What are the crime, mystery, and thriller novels that every fan of this genre should be sure to read before he or she dies? That's the question Britain's Daily Telegraph asked a couple of weeks back, but its answers were ... well, let's be generous and call them unspectacular.

Hoping to do a better job, The Rap Sheet is putting together its own list of must-reads -- but we need your help. Which books and authors do you think should be included? We won’t limit our list falsely to 50 books and authors, as the Telegraph did, but will instead feature as many names as seems appropriate. And we'll publish the results sometime in the near future.

The floor is now open to suggestions, folks.

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I'd suggest THE GUARDS. It has all of the elements I mentioned, and is the start of his Jack Taylor series. Bruen also has several stand-alones, his Inspector Brant series, and the collaborations he's done with Jason Starr for Hardcase Crime (BUST & SLIDE).

While I love his writing pretty much across the board, the Jack Taylor books are my faves. THE GUARDS is one of the few contemporary novels that completely blew the top off my head (in a good way).
I have liked all the Jack Taylor novels equally well so far.
I too am fascinated that so far not everybody is rushing to post his or her own list. The topic was "mystery, crime, and thriller," so here are some of mine from the mystery end of the spectrum, starting on the British side:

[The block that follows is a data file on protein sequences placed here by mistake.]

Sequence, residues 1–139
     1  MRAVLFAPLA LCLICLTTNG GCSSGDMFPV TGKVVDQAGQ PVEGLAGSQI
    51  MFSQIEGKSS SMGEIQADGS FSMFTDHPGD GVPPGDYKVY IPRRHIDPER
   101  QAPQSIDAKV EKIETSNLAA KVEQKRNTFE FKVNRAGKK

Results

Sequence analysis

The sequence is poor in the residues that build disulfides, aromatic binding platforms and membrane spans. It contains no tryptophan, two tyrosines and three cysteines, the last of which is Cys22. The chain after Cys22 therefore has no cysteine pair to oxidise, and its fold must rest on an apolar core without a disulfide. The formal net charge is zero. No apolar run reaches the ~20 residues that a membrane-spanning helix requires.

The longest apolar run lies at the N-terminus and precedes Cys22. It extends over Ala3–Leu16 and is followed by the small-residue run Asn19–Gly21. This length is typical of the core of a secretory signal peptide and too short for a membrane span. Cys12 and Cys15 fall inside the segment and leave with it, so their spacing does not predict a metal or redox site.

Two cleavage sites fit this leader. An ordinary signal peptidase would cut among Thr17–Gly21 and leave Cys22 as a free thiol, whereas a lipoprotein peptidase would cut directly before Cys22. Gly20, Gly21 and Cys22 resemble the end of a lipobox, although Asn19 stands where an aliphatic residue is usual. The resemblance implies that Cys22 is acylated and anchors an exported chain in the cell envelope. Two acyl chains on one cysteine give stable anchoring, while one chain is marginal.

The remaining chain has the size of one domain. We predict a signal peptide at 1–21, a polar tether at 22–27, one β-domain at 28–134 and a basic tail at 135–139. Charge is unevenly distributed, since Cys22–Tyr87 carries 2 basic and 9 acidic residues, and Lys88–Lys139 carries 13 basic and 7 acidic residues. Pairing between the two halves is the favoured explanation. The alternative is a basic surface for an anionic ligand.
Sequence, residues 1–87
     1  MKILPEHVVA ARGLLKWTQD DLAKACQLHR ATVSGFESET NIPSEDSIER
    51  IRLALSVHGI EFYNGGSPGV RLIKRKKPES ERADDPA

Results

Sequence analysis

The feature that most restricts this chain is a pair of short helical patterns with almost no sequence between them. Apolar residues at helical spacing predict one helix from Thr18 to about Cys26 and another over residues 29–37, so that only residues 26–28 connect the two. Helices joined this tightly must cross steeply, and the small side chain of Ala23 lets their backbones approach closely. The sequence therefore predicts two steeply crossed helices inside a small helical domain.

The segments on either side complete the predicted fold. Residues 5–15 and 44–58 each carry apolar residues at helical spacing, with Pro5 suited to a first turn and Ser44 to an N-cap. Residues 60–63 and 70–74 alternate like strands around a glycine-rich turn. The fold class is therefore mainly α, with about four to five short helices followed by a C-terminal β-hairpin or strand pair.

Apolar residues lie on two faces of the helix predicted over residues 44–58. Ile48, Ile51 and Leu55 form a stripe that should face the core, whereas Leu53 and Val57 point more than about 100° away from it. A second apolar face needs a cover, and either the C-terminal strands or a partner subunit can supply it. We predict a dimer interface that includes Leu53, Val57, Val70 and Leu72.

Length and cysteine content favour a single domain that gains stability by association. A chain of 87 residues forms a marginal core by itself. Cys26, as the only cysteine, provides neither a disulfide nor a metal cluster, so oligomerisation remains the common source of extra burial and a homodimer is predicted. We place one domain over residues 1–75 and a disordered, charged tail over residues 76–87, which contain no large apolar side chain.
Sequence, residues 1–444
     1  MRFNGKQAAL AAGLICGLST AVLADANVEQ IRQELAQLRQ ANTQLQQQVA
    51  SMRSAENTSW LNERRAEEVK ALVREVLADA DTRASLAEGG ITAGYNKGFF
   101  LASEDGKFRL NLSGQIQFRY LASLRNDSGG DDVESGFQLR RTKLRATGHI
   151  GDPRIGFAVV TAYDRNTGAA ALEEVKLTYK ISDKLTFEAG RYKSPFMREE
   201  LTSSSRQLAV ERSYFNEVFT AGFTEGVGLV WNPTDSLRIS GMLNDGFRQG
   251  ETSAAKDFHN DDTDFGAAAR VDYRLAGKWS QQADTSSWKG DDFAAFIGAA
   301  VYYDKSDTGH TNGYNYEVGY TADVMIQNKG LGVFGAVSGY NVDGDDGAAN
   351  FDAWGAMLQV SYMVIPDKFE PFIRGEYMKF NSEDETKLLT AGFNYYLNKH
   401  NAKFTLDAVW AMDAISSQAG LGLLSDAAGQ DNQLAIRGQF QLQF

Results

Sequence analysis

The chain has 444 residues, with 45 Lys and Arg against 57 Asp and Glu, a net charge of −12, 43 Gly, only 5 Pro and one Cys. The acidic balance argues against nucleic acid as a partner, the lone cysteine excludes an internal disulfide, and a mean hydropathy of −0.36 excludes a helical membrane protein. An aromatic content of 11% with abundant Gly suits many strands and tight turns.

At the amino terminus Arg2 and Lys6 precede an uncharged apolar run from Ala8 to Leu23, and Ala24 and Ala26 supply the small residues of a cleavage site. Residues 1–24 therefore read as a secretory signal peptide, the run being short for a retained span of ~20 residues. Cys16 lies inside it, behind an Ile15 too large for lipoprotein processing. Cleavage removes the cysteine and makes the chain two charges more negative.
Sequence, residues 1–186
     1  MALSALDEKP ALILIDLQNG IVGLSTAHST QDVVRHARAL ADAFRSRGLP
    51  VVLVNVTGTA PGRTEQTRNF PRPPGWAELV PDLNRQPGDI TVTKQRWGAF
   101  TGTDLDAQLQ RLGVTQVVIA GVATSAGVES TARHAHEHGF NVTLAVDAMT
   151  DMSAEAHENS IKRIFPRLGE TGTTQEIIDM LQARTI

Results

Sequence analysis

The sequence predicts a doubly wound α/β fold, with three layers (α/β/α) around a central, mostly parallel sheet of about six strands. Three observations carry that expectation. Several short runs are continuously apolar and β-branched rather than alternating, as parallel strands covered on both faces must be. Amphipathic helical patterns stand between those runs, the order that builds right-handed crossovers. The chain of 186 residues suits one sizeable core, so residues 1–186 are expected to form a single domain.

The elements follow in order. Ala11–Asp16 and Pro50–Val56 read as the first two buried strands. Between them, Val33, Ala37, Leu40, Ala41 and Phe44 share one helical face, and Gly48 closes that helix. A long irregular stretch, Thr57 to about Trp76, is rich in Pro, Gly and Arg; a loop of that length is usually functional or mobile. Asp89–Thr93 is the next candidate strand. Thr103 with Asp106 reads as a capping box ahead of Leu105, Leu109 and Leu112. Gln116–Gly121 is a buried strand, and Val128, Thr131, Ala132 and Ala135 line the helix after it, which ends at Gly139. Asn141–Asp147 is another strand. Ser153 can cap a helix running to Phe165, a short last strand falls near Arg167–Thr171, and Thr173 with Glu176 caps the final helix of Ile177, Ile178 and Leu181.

Dorothy L. Sayers: Gaudy Night, Murder Must Advertise, The Nine Tailors, and Busman's Honeymoon
Margery Allingham: The Tiger in the Smoke
Josephine Tey: Brat Farrar, Miss Pym Disposes, The Franchise Affair
Ngaio Marsh: Death in a White Tie, A Surfeit of Lampreys (can't remember the American title), A Clutch of Constables
Patricia Moyes: Murder Fantastical
Peter Dickinson: The Glass-Sided Ants' Nest, Sleep and His Brother
Reginald Hill: Underworld, Child's Play, On Beulah Height
Janet Neel: Death's Bright Angel
PD James: An Unsuitable Job for a Woman
In the US, I'd rather list whole series--these have all gotten better and better
Sara Paretsky: V.I. Warshawski
Marcia Muller: Sharon McCone
Nevada Barr: Anna Pigeon
Dana Stabenow: Kate Shugak
Julie Smith: Skip Langdon
Laura Lippman: Tess Monaghan
Margaret Maron: Judge Deborah Knott
All of the above are brilliantly character-driven, beautifully written and plotted; most have themes that address larger issues; none is trivial.
Reginald Hill, yes.
Too many to list, but since I am an old gal, how about some Erle Stanley Gardner novels. I am sitting here looking at The Case of the Velvet Claws (picked up at my local library's sale shelf), plus James Lee Burke, Lisa Scottotline, Lee Child, Ed McBain, John le Carre', Robert B. Parker and many more. If I mention authors that are members of CrimeSpace, I am sure to offend at least one. Since I am only a reader/librarian who has fun writing letters to newspaper editors and with no books published or planned, I'll leave my list unfinished. Oh, but I will put a plug in for the YA set: Nancy Drew --not great shakes as literature, but the series has stood the test of time with teens.